this grim yarn. But there is still confusion; the Germans cite the Silver
Star as being the vessel boarding the Orang Medan, yet Lloyd's
Registers show that, at the time, the Silver Star had changed
owners and had another name... Santa Cecilia.
What follows is pure speculation, but there is a tantalising, possible
explanation as to her crew's demise and her disappearance from the
records. Mielke mentions a mixed, lethal cargo on the Dutchman 'Zyankali'
(potassium cyanide) and nitroglycerine. How this mixture could have gone
unrecorded is a mystery, as the controls on such lethal cargoes, even 50
years ago, would have ensured reams of paperwork.
The Geneva Protocol of 1925 ratified by 33 nations outlawed all chemical
weapons. The Nazis as history has shown made horrific use of the
extermination gas 'ZyklonB' but, according to Albert Speer in his book Inside
the Third Reich (1995), they also had stockpiled a secret gas called 'Tabun'
and, as late as 1944, were manufacturing 1,000 tons of this deadly
substance each month. According to Speer: "It could penetrate the
filters of all known gas masks and contact with even small lingering
quantities had fatal effects..."
Apart from the Nazis, only one other nation Japan used gas; that was
in China during World War II. In 1935, the brilliant Japanese
bacteriologist Shiro Ishi set up Japanese, Army Unit 731 in a remote
village in occupied Manchuria. Unit 731's brief was to find a chemical,
gas or biological weapon to win the war. Hideous, inhumane experiments
were carried out on helpless Australian, American, Russian, Chinese and
British prisoners some of the worst war crimes ever committed.
Was there a Nuremberg type trial for these doctors of death? Far from it.
The biochemists' hideous research was too 'good' to waste; they pulled off
a mysterious secret deal with their erstwhile enemies General Douglas
The criminals went free and prospered leaving the
possibility that the Japanese may have stored nerve gas in Singapore.
To try and explain the obstinate absence of the illfated Orang Medan from
official records, we must look at the political turmoil which existed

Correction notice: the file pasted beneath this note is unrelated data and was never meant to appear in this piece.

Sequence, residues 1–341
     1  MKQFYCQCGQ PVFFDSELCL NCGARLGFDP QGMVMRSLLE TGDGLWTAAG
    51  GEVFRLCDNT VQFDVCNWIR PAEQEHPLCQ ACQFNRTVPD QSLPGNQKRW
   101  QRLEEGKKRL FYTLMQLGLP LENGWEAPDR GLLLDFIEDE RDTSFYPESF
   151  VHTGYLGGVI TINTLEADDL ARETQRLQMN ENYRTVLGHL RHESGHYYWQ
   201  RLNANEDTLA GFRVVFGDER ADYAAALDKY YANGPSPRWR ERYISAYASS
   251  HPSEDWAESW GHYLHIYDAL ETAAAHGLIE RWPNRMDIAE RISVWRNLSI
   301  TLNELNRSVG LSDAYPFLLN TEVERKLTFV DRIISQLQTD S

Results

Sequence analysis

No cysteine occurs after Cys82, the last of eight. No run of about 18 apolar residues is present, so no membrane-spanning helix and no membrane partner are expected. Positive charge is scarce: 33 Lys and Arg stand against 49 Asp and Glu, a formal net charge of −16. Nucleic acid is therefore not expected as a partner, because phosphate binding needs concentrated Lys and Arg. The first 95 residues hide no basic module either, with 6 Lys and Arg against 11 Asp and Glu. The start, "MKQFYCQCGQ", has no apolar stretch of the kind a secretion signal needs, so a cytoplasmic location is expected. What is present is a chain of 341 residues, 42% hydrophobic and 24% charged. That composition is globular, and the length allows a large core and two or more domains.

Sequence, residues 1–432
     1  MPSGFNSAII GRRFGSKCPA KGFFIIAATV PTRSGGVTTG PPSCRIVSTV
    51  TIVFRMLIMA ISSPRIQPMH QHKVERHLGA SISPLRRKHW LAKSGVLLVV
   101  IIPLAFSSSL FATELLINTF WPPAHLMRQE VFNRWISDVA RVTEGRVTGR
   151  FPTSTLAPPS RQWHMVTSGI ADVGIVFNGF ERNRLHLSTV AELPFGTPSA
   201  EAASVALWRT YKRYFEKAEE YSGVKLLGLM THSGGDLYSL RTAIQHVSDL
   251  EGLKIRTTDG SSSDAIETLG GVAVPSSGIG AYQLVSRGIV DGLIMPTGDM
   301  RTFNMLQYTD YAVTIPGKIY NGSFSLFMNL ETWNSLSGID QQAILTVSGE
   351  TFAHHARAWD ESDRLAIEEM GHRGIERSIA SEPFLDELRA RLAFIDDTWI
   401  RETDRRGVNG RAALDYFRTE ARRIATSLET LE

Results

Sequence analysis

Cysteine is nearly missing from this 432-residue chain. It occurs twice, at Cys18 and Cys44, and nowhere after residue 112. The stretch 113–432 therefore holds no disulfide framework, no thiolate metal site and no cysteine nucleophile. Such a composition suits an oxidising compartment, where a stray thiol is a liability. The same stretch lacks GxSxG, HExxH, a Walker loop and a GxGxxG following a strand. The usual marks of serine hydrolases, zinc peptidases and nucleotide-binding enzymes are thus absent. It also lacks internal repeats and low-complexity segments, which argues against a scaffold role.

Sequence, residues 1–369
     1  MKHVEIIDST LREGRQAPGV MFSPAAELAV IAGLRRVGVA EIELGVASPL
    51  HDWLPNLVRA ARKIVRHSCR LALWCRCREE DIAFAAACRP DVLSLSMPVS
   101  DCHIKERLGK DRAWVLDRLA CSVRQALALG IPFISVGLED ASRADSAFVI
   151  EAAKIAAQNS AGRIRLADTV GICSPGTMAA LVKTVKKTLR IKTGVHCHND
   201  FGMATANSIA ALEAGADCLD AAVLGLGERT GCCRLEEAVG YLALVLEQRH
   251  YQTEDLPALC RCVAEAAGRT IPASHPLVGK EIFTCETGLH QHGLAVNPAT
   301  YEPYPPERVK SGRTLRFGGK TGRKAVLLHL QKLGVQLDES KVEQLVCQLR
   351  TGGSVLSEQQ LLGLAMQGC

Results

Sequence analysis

throughout Indonesia in the immediate postwar years. Before the war, Java
and Sumatra were part of the Dutch empire. In 1945 the Dutch returned,
expecting to carry on their rule as before, but found the newly
established republics of Southeast Asia had gained wide local support. A
bitter, dirty war for control broke out, and in 1947-48 the Dutch carried
out major 'police actions' in area.
After World WarII, there was a brisk trade in nerve gas and biological
agents with repressive governments everywhere.
EVEN GAS MASKS WERE USELESS
It was okay to make and sell the stuff.. as
long as you didn't use it. But somebody did, that's for sure. Death has
always had its currency. So how was this deadly cargo moved around the
South China Sea and through the Straits of Malacca during this troubled
period? Not by air; the prospect of a cargo plane crashing with several
tons of deadly gas on board was too horrendous to consider. No, you hired
an insignificant old tramp steamer, preferably with a low paid foreign
crew, stowed the cargo in disguised oil drums and, like all serious
smugglers, hoped for the best, and a blind eye from authority.
I first heard the Orang Medan story in 1961 within 15 years
of its origin. If we accept, due to the nature of her crew's deaths, that
she was carrying deadly gas or chemicals and if indeed she was a Dutch
vessel had this news broken it would have been a major embarrassment for
any government involved, especially in the light of the Geneva Convention.
Hence the dead ends faced by any researcher. The story exists because,
like the gases, It escaped.
But here's another mystery; if a gas leak killed the crew, was the final
explosion another accident or an officially ordered scuttling?
The crew of the Silver Star would have told the tale from that day
on in every mess room on every ship they sailed in. Eventually, in a mess
room on the British tramp steamer Port Halifax, it reached me. Aficionados
of The XFiles have had a field day with this tragedy blaming UFOs,
sea monsters, etc but the possible reality is no less ominous.
The field of the unexplained is littered with red herrings, hoaxes and
outright fakery. But if the story of this ship of death is an invention,
who was responsible? Why was it common currency in the mess rooms of the
old tramp steamers I sailed in the 1960’s and, why were other ships real
ships involved in the yarn? Any marine researcher will tell you that even
the mighty tomes of Lloyd's Shipping Registers can throw up more questions
than answers, especially when ships have their names changed frequently
I recently had a letter from the Dutch Royal Navy which asked me for
information on the Orang Medan case. Why?
In the UK, the Ministry of Defence have irresponsibly destroyed all
records of poison gas dumps that are over 25 Years old. Over 100,000 tons
of deadly 'Tabun' and 'Sarin' were deliberately loaded onto ships at the
end of World War II and sunk in the North Sea and Atlantic. In 1998, a
Swedish fishing vessel landed an unusual catch a net full of mustard gas
canisters; the crew spent a long time in hospital with serious burns.
It's a nice, creepy fortean thought that the hapless sailors of the Orang
Medan were visited by a UFO which was so scary it literally
"frightened them to death'. That may have been a fine prognosis in
the nutty, scifi Fifties. Yet humanity is capable of far more sinister
behaviour than any intergalactic visitor to Roswell.
Special thanks to Prof. Theodor F Siersdorfer, Essen, Germany.
Into Thin Air Paul
Invisible Horizons Vincent Gaddis (1965)
Mysteries on the High Seas P MacDougal (1984)
Unit 731 P Williams & D Wallace (1989)
A History of Warfare John Keegan (1993)